Anthurium flowers aren’t native to Hawaii, but they have certainly made themselves at home here in our lush tropical paradise.
If you would like to buy anthurium flowers from Hawaii, please be sure to check out our anthurium flower catalog. But now, let’s get back to our story.
Anthurium Flowers: Where Do They Come From?
Before they decided to make a home for themselves among the volcanoes and beaches of Hawaii, anthuriums grew in the hot, humid rain forests of Central and South America. There they grew undisturbed for thousands of years.
Then one day in 1876 a man who would later become the head gardener of Paris, Edouard Andre, spotted a beautiful plant, while on a botanical expedition in the rain forests of Columbia.
It turned out that this plant was an anthurium plant.
How Did The Anthurium Get To Hawaii?
Edouard sent this magnificent specimen back to Europe and it first landed in Belgium. From Belgium, it was taken to the Kew Royal Botanic Gardens in England, (which claims to be one of the largest gardens in the world, containing one eighth of all the known plant species in the entire world.)
In 1889, Samuel Mills Damon, Hawaii’s Minister of Finance (and also Hawaii’s fourth largest landowner at the time) brought the first anthurium to Hawaii from England. He planted it in the gardens of his estate.
How The Anthurium Flower Developed in Hawaii
In the 1930s and 40s anthuriums spread from Damon’s estate all around Hawaii. Hobbyists began growing anthurium flowers in gardens and even their backyards, under Hapu’u tree ferns or tangerine trees.
The year 1936 was an important year for Hawaii’s anthurium flower industry. This was the year that a red anthurium which came to be known as the Ozaki was found in the garden O. Ozaki in the town of Hilo on the Big Island of Hawaii. At one point in time, the Ozaki was one of the best selling varieties of anthurium flowers from Hawaii.
1946 marked the discovery of a beautiful orange anthurium called the Nitta. It came from the garden of Asako Nitta and some say that is bears a striking resemblance to the original anthurium discovered by Edouard Andre.
In 1950, Haruyuki Kamemoto, returned to Hawaii after finishing his PhD at Cornell and launches the University of Hawaii‘s anthurium research program, which, as we will soon see, has a significant impact on the anthurium industry in Hawaii.
(As a side note, not only did Kamemoto have a huge impact on Hawaii’s anthurium industry, he also made major contributions to Hawaii’s orchid industry as well.)
1963 was another important year. It marked the release of the Uniwai white anthurium and the Marian Seefurth pink anthurium from the University of Hawaii. The Marian Seefurth anthurium was named after the wife of a man who made a very generous donation to the UH to fund anthurium research. These varieties were the first in a string of new anthurium varieties released by the University of Hawaii.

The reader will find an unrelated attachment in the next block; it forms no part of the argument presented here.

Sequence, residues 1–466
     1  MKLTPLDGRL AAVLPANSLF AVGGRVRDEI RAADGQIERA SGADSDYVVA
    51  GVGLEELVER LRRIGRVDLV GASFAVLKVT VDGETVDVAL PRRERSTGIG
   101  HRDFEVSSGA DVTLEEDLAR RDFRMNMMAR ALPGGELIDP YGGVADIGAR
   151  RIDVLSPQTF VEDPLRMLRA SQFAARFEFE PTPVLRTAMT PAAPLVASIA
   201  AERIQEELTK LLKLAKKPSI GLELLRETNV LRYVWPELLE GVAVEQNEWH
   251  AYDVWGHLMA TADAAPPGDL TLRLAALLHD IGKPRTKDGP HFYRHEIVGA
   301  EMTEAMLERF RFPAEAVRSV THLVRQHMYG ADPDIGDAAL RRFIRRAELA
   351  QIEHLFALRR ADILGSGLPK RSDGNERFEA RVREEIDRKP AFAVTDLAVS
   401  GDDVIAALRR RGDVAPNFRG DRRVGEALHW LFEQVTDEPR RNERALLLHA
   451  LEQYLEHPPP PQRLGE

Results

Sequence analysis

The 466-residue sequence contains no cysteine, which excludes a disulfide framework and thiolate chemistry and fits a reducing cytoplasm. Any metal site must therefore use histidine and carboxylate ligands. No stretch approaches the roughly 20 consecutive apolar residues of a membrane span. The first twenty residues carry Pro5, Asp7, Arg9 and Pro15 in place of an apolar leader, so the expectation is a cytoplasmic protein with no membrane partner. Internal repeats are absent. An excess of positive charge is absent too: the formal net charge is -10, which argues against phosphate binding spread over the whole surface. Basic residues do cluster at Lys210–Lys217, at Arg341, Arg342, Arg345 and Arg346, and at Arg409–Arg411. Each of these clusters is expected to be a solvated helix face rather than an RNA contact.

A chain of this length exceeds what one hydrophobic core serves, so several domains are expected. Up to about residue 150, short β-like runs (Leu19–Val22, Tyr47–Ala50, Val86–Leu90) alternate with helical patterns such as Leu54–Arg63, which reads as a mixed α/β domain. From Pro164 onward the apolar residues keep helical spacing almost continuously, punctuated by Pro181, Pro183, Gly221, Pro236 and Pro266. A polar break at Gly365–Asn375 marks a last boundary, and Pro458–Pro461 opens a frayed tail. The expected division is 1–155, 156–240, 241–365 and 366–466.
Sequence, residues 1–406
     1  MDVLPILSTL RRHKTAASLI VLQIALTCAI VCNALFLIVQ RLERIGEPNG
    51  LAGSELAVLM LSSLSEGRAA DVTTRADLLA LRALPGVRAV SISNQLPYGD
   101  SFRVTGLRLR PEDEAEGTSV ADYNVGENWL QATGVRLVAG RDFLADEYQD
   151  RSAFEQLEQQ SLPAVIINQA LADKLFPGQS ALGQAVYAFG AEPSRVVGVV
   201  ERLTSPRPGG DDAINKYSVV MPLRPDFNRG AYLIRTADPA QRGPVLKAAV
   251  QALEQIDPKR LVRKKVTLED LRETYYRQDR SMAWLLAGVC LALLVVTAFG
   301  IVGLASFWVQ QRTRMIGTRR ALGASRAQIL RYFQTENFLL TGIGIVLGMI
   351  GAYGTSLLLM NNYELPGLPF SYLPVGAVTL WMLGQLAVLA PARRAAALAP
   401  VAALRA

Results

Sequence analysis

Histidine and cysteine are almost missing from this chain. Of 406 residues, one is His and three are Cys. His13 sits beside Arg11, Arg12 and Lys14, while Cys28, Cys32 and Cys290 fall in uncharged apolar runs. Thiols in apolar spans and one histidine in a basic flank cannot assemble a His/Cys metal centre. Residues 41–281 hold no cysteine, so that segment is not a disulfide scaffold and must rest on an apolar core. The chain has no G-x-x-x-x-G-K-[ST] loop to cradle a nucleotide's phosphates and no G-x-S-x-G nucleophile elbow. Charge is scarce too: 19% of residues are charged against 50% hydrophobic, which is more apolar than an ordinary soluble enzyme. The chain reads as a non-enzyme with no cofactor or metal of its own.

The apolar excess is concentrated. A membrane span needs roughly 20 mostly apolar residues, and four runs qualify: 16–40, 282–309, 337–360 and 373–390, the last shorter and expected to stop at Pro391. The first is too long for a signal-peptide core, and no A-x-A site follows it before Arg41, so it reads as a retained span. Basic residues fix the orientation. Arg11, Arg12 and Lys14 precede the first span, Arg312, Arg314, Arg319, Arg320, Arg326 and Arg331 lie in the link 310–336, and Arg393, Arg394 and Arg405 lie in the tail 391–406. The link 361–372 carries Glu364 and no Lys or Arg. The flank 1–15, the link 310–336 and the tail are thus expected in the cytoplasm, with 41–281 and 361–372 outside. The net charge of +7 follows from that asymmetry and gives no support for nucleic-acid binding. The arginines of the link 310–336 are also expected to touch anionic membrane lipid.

The Mauna Kea anthurium was released in 1977 by the UH. It is a large white and green obake anthurium variety.
In 1988, the first anthurium to be patented, the Starlight, which was developed by Calvin Hayashi, is introduced to Hawaii’s anthurium industry. It produces red flowers that are mottled with white specks. Mr. Hayashi also developed a dazzling green anthurium called the Midori.
In 1993, the University of Hawaii’s first patented anthurium is released. It is the Kalapana anthurium, which is a red and green obake anthurium flower. It is named after the magnificent black sand beach that was destroyed by a lava flow from the Kilauea Volcano.
Anthuriums on Amazon
Here are a few interesting anthurium related items that I saw on Amazon. I get a small commission from Amazon if you buy something through one of my links. The commission helps me to keep this site running and it doesn’t cost you any extra because Amazon already factors it into the price of all of its products.
ANTHURIUMS are one of the most beautiful flowers in the world. ANTHURIUM FLOWERS are produced by ANTHURIUM PLANTS, which are members of the genus ANTHURIUM. This genus consists of over eight hundred ANTHURIUM SPECIES and hybrids like OBAKE ANTHURIUM. ANTHURIUM CARE is easy and consists of finding the right place to put them and watering them properly. HAWAII is one of the first places in the world to grow anthuriums commercially.
Today I want to tell you about some of my favorite varieties of tropical flowers that grow here in Hawaii. As you well know, Hawaii is a tropical island that never experiences the snows of winter. In fact the temperature seldom drops below 65 degrees. Also, Hawaii has an abundance of sunshine and rain, making it the ideal environment for plants to grow. This ideal environment allows many beautiful varieties of flowers to thrive here.
The first of my favorite flowers are anthurium flowers. The anthurium was brought here more than a hundred years ago from South America. It produces a lovely flower in many different colors. I have seen colors from red all the way to purple. Most of the time, it is shaped like a heart, though some varieties may be shaped like a tulip. A majority of the varieties are unscented, but a few of the tulip varieties smell great.
Heliconias are some of the most exotic looking flowers in the world. You can just imagine how these flowers look, when one of the varieties has been nicknamed, lobster-claws. The can be found near Indonesia and in South America. But they also seem to enjoy growing in Hawaii. The often produce red, orange or yellow flowers in strange configurations.
The Hibiscus plant grows all over the world, including in Hawaii. In fact, Hawaii has made the yellow Hibiscus its state flower. Out of all of the flowers that I am describing today, the Hibiscus is the flower with the most conventional shape. But that doesn’t mean that it isn’t a beautiful flower. It comes in many colors, including red, yellow, pink and white.